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“Exhibitors needed to change their metrics from lead quantity to quality”

GTR CEO Travis Tucker shares five things event and exhibition organizers should consider when planning events.

GTR President and CEO, Travis Tucker

#1 It’s essential to set the right expectations for events. Clients were asking the wrong question during the early stages of the pandemic.

They were asking, how do I take my in-person event and make it virtual? The right question was and continues to be: How do I deliver the objectives that this meeting needs virtually?

Many event organizers just tried to take their meetings and make them virtual. They were unsuccessful, which is really sad because now they are saying that they will never do virtual events again – even though it could be such a great tool in their arsenal.

For event planners who are feeling that way, my hope is that you hit reset because people are having a very positive engagement at virtual events.

#2 Hybrid events are a totally different thing. It’s not about how you create two things and bring them together. The right question is: How do I bring both virtual and in-person attendees together for a coherent experience?

An example of how technology and creativity can combine for hybrid events is to have chat walls on the side of stages so in-person attendees can see what virtual attendees are saying and can contribute to that conversation.

#3 The event industry has woken up. From a technology standpoint, the event industry is a late adopter. Typically, event technology was adapted by event planners after it had gone mainstream in other industries. For example, mobile apps existed for a long time before event-focused apps came out.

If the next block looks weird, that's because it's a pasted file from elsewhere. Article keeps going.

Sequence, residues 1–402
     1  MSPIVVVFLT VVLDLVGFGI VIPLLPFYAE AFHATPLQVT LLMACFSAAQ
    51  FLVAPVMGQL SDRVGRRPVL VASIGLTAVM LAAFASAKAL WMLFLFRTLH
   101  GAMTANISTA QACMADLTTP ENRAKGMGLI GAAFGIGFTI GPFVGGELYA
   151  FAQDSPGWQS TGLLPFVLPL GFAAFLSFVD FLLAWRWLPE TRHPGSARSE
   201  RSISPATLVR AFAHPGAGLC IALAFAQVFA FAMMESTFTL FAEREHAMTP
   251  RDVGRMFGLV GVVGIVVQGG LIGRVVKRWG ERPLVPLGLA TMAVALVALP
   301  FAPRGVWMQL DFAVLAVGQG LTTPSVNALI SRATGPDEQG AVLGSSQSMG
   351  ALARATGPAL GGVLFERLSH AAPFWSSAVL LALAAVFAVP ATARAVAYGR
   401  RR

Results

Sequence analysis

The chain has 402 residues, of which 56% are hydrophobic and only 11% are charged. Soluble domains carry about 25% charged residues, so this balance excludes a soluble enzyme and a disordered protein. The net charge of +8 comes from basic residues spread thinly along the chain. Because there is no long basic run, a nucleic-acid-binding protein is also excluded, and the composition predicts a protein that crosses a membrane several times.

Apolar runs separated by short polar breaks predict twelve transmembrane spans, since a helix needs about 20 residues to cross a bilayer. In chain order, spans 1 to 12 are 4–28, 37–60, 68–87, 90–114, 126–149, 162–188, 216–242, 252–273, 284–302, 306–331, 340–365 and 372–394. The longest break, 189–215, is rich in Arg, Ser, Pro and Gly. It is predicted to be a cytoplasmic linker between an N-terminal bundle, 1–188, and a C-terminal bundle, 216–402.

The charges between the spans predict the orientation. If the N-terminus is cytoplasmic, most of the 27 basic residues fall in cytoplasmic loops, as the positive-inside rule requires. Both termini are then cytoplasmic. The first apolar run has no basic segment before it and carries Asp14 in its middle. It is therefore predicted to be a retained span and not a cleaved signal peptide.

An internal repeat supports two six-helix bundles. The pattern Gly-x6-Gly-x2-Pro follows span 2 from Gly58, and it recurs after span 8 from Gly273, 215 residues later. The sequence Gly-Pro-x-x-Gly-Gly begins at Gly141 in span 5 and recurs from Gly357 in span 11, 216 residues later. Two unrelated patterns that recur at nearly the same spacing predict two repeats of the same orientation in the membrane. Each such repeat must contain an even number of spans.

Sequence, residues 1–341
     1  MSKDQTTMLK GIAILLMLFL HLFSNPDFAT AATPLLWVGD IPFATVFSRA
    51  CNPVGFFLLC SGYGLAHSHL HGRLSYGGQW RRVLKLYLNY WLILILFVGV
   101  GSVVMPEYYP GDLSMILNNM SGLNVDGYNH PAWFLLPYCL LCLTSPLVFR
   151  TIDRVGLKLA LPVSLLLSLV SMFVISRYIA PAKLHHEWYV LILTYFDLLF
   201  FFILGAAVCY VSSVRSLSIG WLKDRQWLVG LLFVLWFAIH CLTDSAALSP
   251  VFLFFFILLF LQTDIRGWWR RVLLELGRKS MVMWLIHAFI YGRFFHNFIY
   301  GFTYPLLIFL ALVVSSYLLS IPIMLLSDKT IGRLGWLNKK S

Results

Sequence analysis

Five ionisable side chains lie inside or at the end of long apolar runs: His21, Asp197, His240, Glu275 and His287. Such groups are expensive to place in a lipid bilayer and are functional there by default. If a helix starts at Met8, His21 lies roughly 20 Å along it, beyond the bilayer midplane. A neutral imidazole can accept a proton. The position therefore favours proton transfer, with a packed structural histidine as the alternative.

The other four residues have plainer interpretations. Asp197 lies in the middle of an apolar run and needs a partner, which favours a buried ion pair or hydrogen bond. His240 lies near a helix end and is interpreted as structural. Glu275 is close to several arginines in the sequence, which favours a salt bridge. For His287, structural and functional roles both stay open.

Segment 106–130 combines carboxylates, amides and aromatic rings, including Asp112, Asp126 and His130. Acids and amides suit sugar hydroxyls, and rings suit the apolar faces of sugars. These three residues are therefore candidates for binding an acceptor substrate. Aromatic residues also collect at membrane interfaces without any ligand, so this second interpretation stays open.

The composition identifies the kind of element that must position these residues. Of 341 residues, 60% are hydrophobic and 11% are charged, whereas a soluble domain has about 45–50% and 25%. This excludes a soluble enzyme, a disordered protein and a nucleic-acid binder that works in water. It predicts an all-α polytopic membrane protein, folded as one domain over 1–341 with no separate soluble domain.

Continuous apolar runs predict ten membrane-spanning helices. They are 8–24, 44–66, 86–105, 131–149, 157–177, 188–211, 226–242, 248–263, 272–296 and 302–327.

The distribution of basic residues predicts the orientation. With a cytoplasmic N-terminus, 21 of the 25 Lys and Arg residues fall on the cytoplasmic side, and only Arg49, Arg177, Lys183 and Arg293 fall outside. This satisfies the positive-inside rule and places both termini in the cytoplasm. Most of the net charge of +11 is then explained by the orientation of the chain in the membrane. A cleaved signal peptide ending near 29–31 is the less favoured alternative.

Then it took five to seven years for event-focused apps to permeate the market to the point that attendees expected to have one when they went to an event.

After a year of virtual events, event organizers see technology as a major part of their event and want to know how to leverage it to provide value. There’s been more funding in our space than ever before because investors see this as a real market where they can put capital in and get a return. That means innovation is going to happen.

#4 Exhibitors got real quality and value from virtual events. Early on during the pandemic, one of the biggest challenges was showing exhibitors how they could get value from virtual events. In-person attendance at exhibit halls created activity and traffic that could not be replicated virtually.

Exhibitors needed to change their metric from lead quantity to lead quality. Seven hundred people dropping their business card into a fishbowl because they want an iPad might get you 12 actionable leads. In a virtual world, I can tell you in real-time that there are 15 people on your page right now and what they are looking at.

#5 Highly actionable data is the future. For instance, during an in-person event, people generally don’t get up and walk out if the session is not good. Virtually, an attendee is going to click off and go somewhere else. With this real-time feedback, event organizers can go beyond survey results on measuring engagement with speakers, sessions, and topics.

You get to see the nitty-gritty and pull in different types of data to determine what offers the most value and what delivers the most impact. You can determine event location better because you see not only where people are coming from to join in-person, but where they are coming from virtually. So now you can make smarter decisions based on better data about your next event.

The path forward? Event planners must lean into creativity. Whether it is hybrid event emcees guiding the virtual audience through the event flow or touchless badge printing to safely check people in, thinking outside of the box will rule the day for events.

This blog is sponsored by GTR.


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